TriZetto Group's ambitions are soaring after the announcement of its planned $5 billion stock-swap purchase of IMS Health: The company plans to offer a fully integrated Internet healthcare management product to customers around the world.
The merging firms say they will be able to make up for each other's shortcomings: Westport, Conn.-based IMS has global outreach but lacks Internet products, and Newport Beach, Calif.-based TriZetto has strong Internet offerings but a primarily U.S. client base. And TriZetto's systems, which are geared toward health plan administration, such as referrals and claims submission, would dovetail nicely with IMS' specialty, which is pharmaceutical database management.
Officials at both companies say they will launch joint products any healthcare venture can use to track enrollees from the moment they seek services to the resolution of their case. And instead of monitoring such individuals through a bulky proprietary computer system, tracking would be accomplished through an Internet-based subscription service.
"When you look at healthcare from a supplier chain standpoint, a lot of things happen in the middle," says Lu Kabir, TriZetto's senior vice president of marketing and business development. "This deal allows us to tell everyone what's going on."
Moreover, Kabir notes, still-evolving practices such as disease management could be fine-tuned through the merged companies' future applications. "Outcomes will be better understood because they will be tied into more information," he adds. The merged companies are expected to offer some 35 new products over the next several years, Kabir says, although he could not immediately provide specifics.
But some industry observers are skeptical of any company's ability to offer a wholly integrated product in the near term. "That would be the equivalent of actually creating all of the translation equipment on the (Starship) Enterprise," says a Los Angeles-based healthcare information consultant who asked not to be identified. He added that many hospitals use incompatible storage data and tracking systems, and that many patient records are still on paper. Thus, transferring such a vast amount of data would be nearly impossible.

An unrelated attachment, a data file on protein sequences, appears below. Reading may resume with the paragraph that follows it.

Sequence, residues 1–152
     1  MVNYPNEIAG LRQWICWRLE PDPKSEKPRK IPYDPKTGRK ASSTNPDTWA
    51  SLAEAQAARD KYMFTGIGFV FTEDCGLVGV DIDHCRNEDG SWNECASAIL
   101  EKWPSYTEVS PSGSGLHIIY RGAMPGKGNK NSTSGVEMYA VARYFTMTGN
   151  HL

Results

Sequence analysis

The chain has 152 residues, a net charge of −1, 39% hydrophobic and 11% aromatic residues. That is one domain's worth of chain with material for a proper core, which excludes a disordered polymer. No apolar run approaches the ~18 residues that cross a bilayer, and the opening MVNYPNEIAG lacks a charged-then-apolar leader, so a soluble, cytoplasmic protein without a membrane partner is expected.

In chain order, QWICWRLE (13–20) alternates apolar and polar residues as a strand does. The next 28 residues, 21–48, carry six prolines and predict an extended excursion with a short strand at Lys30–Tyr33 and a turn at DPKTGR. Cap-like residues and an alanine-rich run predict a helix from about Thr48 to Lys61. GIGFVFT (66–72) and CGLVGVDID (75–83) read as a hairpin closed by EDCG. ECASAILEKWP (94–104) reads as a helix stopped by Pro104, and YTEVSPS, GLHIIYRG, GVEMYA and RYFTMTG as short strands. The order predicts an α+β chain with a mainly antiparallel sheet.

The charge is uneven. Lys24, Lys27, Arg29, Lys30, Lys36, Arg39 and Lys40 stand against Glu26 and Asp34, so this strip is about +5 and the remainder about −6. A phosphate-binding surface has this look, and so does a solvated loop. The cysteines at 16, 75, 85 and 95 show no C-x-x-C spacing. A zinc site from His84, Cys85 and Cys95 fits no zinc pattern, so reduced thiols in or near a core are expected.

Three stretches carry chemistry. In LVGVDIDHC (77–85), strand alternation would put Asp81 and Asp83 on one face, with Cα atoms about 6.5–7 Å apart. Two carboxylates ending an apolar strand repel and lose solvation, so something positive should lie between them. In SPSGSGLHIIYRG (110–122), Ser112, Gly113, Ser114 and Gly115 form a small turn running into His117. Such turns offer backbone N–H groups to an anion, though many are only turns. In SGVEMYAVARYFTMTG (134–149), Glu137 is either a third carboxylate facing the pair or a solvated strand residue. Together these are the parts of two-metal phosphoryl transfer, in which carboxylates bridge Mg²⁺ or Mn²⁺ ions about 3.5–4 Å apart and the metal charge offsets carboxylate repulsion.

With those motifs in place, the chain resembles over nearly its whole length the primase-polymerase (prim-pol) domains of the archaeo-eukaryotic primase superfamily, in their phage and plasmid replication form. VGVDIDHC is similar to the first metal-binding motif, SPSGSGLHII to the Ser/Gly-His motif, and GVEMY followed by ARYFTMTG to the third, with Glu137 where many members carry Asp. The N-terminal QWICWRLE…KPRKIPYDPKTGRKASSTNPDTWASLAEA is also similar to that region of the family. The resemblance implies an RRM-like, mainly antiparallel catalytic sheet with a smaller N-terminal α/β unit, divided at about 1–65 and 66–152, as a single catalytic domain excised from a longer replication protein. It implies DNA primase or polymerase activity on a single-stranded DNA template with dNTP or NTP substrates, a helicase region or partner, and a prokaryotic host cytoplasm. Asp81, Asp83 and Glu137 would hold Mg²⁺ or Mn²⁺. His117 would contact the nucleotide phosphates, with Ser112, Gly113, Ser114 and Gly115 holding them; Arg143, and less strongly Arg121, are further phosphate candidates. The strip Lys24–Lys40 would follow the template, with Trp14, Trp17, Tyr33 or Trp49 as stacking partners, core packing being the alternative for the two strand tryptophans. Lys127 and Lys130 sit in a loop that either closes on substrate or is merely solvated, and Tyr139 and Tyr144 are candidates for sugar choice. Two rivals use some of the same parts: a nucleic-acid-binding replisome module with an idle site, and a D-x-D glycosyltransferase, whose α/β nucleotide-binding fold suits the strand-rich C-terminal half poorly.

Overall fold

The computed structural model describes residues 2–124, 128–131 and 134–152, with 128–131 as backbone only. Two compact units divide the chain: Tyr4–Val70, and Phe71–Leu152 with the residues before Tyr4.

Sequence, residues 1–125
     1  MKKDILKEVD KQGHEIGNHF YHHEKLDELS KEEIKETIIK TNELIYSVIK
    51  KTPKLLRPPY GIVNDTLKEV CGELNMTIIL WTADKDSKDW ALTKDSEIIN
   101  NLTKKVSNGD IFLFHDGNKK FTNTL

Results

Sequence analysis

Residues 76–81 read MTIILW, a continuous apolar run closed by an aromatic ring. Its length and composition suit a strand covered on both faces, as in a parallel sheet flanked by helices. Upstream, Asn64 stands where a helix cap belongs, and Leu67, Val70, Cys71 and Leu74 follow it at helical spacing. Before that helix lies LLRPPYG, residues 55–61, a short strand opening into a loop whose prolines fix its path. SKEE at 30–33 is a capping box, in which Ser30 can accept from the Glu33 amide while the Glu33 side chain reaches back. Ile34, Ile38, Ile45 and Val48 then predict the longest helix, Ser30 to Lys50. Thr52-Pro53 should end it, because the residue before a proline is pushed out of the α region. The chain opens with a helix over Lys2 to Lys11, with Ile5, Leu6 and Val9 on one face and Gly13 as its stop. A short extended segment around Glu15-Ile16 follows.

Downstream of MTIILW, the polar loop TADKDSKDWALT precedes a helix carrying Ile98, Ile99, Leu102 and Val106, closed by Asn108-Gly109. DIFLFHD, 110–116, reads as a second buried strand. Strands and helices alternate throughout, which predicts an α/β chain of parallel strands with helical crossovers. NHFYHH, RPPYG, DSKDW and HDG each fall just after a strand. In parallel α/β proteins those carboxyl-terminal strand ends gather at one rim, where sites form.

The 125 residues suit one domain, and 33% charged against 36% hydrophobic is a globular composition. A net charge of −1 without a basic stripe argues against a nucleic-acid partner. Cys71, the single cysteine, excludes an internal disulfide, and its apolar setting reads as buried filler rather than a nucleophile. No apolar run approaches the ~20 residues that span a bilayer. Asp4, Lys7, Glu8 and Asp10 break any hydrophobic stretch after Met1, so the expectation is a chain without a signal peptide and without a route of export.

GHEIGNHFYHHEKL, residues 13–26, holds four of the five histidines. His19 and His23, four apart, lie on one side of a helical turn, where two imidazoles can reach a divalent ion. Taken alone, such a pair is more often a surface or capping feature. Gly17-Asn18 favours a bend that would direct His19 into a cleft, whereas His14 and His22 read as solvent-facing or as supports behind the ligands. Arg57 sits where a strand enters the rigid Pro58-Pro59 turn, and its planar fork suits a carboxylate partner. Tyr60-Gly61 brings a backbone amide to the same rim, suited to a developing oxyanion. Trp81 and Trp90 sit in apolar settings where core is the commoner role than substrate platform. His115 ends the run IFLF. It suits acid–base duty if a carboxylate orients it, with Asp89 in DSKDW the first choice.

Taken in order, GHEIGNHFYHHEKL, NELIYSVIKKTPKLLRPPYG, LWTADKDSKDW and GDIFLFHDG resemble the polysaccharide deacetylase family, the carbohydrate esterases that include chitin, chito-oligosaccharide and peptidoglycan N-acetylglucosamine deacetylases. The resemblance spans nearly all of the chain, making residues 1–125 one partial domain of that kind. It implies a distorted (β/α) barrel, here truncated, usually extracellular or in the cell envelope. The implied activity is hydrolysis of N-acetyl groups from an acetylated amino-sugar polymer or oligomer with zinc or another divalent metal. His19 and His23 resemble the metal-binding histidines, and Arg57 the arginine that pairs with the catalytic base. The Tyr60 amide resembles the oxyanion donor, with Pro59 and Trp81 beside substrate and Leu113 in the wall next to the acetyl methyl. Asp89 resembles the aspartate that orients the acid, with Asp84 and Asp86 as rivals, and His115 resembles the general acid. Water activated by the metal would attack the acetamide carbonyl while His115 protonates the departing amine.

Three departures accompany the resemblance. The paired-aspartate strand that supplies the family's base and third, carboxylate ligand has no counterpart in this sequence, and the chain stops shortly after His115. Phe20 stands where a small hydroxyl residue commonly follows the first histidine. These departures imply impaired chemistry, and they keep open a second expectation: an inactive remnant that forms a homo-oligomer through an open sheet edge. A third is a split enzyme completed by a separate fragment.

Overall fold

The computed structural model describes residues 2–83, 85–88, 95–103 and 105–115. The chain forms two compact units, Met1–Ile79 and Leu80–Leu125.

And the fledgling TriZetto, which went public only last fall, remains largely an unknown quantity, with a 1999 net loss of $3.4 million on revenue of only $35 million. That compares with IMS' 1999 net income of $250 million on revenue of $1.4 billion. Although industry experts lauded IMS' abilities to track pharmaceutical information, none was able to comment on TriZetto or its products. Since the deal was announced, the value of the stock TriZetto is using to buy IMS dropped in value from about $8.2 billion to less than $5 billion.
The deal is expected to close Oct. 1.
Elaine Remmlinger, a principal with the Hamilton HMC consulting firm in New York, gives TriZetto "an A-plus for vision, but whether or not they can pull it off remains to be seen. Most of the healthcare Internet vendors in this market are doing a stretch with what they're promising."